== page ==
Inhibitory Control Deficits in Children with Tic Disorders Revealed by Object-Hit-And-Avoid Task

Nicholas Cothros, Alex Medina, Davide Martino, Sean P. Dukelow, Rachel L. Hawe, Adam Kirton, Christos Ganos, Elaheh Nosratmirshekarlou, Tamara Pringsheim

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Background. Tic disorders may reflect impaired inhibitory control. This has been evaluated using different behavioural tasks, yielding mixed results. Our objective was to test inhibitory control in children with tics through simultaneous presentation of multiple, mobile stimuli. Methods. Sixty-four children with tics (mean age 12.4 years; 7.5-18.5) were evaluated using a validated robotic bimanual exoskeleton protocol (Kinarm) in an object-hit-And-Avoid task, in which target and distractor objects moved across a screen and participants aimed to hit only the targets while avoiding distractors. Performance was compared to 146 typically developing controls (mean age 13 years; 6.1-19.9). The primary outcome was the percentage of distractors struck. Results. ANCOVA (age as covariate) showed participants struck significantly more distractors (participants without comorbid ADHD, 22.71% [SE 1.47]; participants with comorbid ADHD, 23.56% [1.47]; and controls, 15.59% [0.68]). Participants with comorbid ADHD struck significantly fewer targets (119.74 [2.77]) than controls, but no difference was found between participants without comorbid ADHD (122.66 [2.77]) and controls (127.00 [1.28]). Participants and controls did not differ significantly in movement speed and movement area. Just over 20% of participants with tics fell below the age-predicted norm in striking distractors, whereas fewer than 10% fell outside age-predicted norms in other task parameters. Conclusions. In children with tics (without comorbid ADHD), acting upon both targets and distractors suggests reduced ability to suppress responses to potential triggers for action. This may be related to increased sensorimotor noise or abnormal sensory gating.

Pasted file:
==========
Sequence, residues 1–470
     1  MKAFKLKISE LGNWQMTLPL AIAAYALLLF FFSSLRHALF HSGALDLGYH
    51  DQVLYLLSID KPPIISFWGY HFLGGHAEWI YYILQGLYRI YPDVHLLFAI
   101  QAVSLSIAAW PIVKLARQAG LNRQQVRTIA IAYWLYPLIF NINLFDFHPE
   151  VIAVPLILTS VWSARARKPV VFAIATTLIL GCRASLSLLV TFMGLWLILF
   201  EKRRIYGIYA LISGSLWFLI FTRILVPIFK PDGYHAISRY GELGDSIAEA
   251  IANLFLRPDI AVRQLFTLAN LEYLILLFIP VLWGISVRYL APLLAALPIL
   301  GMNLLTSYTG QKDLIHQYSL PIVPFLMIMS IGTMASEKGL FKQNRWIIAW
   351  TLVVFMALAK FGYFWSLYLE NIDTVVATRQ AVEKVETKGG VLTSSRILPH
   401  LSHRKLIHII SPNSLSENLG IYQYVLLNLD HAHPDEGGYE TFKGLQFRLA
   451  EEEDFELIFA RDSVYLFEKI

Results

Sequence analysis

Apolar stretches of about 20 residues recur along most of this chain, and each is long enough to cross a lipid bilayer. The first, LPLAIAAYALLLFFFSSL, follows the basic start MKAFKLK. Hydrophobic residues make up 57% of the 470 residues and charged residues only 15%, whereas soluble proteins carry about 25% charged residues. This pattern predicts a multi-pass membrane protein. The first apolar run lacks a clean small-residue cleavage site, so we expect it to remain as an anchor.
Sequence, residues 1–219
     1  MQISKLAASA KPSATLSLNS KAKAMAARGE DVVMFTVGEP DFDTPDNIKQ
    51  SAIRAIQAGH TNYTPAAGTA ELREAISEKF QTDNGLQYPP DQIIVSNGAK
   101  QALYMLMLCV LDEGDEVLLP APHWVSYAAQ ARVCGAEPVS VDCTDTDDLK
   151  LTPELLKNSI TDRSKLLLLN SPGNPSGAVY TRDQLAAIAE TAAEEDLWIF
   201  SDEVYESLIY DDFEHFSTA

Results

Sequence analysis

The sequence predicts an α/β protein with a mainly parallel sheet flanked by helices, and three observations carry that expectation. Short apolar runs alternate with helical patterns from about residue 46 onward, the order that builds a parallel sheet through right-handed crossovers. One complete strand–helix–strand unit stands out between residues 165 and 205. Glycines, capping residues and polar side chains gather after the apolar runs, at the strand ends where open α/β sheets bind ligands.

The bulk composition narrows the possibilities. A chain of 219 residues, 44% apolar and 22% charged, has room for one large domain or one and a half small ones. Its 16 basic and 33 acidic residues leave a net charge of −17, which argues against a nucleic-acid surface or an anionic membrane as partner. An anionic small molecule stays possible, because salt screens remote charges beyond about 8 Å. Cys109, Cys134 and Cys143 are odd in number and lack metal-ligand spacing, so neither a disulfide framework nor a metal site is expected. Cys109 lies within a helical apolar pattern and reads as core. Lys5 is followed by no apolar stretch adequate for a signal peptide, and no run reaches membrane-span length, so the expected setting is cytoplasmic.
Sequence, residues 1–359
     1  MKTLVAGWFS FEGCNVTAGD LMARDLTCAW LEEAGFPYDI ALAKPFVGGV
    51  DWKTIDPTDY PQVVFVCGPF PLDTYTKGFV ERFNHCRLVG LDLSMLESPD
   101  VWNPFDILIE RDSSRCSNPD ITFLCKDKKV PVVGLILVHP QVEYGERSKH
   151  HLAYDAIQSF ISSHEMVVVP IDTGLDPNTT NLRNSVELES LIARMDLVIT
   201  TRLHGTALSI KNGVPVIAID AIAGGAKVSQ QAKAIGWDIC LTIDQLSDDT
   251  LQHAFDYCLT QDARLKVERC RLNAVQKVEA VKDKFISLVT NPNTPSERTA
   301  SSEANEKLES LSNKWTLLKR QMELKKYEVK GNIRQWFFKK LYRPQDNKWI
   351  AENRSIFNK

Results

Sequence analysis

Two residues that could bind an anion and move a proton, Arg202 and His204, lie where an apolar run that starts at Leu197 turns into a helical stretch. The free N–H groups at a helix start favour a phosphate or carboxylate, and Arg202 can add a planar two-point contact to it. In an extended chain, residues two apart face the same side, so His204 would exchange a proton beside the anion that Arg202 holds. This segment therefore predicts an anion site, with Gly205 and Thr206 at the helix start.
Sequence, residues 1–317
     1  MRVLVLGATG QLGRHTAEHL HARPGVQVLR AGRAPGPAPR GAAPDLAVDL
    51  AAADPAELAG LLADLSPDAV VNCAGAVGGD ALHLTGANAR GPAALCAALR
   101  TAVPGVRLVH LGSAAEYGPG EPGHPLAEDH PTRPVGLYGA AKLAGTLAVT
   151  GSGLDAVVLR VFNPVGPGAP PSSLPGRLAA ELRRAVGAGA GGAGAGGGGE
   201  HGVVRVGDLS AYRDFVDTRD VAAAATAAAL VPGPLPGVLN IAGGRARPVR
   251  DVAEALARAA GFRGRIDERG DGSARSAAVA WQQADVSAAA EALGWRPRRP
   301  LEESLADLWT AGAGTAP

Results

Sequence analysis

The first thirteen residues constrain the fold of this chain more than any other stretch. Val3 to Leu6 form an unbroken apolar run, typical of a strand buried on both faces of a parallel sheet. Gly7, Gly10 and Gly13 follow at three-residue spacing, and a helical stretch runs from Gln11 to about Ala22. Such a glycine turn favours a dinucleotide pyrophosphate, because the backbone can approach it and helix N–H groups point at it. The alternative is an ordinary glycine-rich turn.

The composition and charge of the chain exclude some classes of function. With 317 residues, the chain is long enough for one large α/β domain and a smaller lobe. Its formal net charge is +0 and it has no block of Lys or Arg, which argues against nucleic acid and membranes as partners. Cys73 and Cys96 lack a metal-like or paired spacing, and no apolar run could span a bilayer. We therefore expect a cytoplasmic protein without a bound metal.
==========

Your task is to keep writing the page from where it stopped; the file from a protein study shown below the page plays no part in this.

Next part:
Original languageEnglish (US)
Article number8825091
JournalNeural plasticity
StatePublished - 2021
Externally publishedYes

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© 2021 Nicholas Cothros et al.


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